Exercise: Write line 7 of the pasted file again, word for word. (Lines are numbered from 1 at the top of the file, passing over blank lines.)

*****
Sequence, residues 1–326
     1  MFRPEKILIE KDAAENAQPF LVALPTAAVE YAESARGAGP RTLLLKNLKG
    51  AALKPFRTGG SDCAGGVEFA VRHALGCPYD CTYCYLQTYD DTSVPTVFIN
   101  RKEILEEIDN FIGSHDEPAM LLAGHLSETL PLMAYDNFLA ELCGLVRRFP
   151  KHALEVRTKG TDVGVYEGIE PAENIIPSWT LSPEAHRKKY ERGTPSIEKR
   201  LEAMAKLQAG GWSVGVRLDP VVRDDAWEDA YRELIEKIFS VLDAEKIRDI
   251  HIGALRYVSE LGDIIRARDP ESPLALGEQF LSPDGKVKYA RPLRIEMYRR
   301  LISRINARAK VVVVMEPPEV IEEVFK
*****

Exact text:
   251  HIGALRYVSE LGDIIRARDP ESPLALGEQF LSPDGKVKYA RPLRIEMYRR